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What kind of boss?

Emory Mulling -- According to a 1997 Lou Harris poll, roughly 70 percent of the workforce is thinking about, or actively looking for, a new job at any given time. Perhaps you are one of them.

Many people are dissatisfied with their jobs and want another opportunity, but they may not know exactly why they are unhappy.

I have spent many years pondering why people are dissatisfied on the job. As both a human resource executive and an outplacement consultant, I have amassed vast experience consulting people at one of the roughest moments in their careers -- as they are losing a job. Some are terminated for poor performance, others are victims of mergers, reorganizations or budget cuts. But most view losing a job as an opportunity to re-evaluate their careers and look for new opportunities that hold more promise for success.

It's a similar situation for those already employed but considering a change. Since they are not under great pressure to find a new position, many of these people take the time to assess what they want out of their next job.

I have found that approximately two-thirds of job dissatisfaction is caused by problems with the boss while almost one third is caused by problems with the work environment; less than five percent of job dissatisfaction is caused by the work itself. I call this dilemma misemployment; people might be doing the right work, but for the wrong boss and/or wrong company.

Yet most job seekers and career changers look exclusively at work: what do I want to do? Few of the literally millions of workers facing a job change in the current five year period will explore what kind of boss or work environment they need, much less how to find them.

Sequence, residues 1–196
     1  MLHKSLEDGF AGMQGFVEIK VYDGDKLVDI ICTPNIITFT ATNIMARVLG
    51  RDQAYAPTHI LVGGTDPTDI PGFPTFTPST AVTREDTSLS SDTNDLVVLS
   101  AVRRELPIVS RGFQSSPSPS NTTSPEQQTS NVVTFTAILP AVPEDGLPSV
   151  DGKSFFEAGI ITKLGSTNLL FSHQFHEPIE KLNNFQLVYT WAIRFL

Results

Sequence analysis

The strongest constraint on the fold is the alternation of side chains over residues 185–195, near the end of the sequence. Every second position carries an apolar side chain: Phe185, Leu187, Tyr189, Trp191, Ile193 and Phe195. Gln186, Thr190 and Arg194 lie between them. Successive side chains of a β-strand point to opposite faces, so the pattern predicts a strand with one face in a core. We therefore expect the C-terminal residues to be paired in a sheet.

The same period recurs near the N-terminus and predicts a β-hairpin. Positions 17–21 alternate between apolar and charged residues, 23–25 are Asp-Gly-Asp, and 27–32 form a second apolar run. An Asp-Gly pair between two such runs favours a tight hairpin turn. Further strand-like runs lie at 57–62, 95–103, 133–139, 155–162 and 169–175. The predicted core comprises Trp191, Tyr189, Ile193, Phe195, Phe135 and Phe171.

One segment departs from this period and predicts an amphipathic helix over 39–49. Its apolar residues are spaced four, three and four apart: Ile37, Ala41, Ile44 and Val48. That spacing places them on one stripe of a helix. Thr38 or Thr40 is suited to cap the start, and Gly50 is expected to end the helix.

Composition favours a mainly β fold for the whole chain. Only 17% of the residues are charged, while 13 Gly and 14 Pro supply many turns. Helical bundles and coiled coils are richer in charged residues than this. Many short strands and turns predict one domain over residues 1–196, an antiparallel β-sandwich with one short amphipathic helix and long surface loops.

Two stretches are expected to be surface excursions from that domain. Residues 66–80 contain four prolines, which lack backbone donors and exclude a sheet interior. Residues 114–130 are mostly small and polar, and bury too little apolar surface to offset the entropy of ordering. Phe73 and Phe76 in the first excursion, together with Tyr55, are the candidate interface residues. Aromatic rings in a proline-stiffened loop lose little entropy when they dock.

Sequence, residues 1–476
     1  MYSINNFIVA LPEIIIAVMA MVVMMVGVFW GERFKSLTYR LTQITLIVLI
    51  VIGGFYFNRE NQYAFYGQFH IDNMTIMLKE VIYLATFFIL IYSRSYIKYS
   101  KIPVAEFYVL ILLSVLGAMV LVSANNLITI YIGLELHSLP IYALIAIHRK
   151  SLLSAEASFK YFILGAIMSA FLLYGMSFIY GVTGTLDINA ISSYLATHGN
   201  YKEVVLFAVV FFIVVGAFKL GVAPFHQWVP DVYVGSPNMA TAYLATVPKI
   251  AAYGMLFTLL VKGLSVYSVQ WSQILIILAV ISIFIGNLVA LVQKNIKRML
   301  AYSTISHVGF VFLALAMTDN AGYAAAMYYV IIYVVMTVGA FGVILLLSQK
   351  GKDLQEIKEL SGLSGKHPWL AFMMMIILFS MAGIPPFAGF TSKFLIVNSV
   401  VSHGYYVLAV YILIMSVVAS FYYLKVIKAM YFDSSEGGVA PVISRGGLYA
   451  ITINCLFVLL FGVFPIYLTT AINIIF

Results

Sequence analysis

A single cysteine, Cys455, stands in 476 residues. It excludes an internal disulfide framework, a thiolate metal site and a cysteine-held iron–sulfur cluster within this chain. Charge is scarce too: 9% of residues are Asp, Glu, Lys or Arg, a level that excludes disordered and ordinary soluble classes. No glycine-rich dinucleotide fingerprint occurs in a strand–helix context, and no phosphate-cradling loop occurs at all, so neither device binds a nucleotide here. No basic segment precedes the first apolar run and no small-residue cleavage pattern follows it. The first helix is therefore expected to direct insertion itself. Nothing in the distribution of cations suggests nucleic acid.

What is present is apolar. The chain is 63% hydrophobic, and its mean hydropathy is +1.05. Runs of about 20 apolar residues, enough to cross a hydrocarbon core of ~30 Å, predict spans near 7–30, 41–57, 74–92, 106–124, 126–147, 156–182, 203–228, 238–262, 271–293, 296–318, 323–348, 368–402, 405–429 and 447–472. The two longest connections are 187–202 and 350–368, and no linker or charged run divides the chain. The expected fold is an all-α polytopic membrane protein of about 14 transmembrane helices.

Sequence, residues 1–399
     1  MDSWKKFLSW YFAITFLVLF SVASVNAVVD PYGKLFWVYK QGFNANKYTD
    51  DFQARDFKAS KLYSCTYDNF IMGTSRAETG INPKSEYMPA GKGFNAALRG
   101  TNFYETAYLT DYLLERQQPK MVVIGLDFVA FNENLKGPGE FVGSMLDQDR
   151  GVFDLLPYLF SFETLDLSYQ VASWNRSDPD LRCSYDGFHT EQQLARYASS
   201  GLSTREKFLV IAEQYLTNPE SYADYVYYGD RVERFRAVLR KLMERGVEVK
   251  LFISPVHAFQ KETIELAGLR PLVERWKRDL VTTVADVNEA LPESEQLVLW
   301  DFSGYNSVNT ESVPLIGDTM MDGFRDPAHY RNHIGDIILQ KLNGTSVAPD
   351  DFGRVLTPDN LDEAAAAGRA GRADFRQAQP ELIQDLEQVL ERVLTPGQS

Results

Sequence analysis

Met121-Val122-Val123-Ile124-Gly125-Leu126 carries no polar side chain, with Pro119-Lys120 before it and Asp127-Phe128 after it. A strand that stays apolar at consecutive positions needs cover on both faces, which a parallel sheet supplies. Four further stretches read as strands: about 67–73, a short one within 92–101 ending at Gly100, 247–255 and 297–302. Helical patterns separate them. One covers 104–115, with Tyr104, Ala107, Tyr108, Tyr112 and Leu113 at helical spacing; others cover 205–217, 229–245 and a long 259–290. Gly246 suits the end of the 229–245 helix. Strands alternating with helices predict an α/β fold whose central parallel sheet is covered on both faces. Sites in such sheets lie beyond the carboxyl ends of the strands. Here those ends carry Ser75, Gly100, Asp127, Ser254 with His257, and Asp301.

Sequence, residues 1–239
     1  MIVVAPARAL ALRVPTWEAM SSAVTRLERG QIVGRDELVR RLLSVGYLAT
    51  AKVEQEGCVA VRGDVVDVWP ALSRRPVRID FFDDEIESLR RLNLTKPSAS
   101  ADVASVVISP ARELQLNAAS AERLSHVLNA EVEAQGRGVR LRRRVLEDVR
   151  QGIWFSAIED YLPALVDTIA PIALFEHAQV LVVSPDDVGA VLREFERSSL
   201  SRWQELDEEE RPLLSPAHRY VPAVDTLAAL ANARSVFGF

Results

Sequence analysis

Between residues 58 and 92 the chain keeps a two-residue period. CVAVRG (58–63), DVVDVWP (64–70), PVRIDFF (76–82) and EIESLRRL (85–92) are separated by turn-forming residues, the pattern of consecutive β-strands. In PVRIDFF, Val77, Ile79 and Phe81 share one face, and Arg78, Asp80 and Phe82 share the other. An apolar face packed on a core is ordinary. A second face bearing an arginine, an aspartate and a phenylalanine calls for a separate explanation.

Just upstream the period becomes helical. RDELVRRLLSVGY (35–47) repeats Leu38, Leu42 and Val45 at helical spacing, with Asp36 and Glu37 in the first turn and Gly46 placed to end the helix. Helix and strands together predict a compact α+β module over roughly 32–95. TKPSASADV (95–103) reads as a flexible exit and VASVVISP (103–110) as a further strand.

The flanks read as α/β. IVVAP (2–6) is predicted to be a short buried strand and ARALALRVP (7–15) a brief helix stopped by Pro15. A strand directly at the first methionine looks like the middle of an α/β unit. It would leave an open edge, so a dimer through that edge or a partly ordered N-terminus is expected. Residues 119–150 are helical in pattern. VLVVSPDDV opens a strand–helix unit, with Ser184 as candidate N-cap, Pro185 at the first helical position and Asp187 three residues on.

But when you ask people why they want to leave a job, or what they would change about their old jobs, many answers sound the same: My boss didn't recognize my potential and wouldn't give me new challenges. My old company put too much emphasis on competition and not enough on teamwork.

The interviewing process doesn't help the situation. Many hiring managers spend a great deal of time during the interview asking about skills and clarifying that the candidate's resume is a valid representation of his or her work experience. Savvy interviewers will ask more probing questions that assess the person's work style. But more often than not, a person is hired based on skill and then expected to adapt to the boss and company culture.

Once people understand why they are or were misemployed, they can take a more proactive role in finding the right job. I can almost see that light bulb go off over a candidate's head when he or she finds that missing piece of the puzzle. They finally realize that they need to be the ones asking a lot of questions during the interview and holding back until the right position is found. It's not easy to pass on a job opportunity, especially in these economic times, but sometimes it makes more sense to wait for the right job and not the right now job.

Emory Mulling is Chairman of The Mulling Companies, an Atlanta-based family of firms handling outplacement, leadership development and retained search.

(c) 2002

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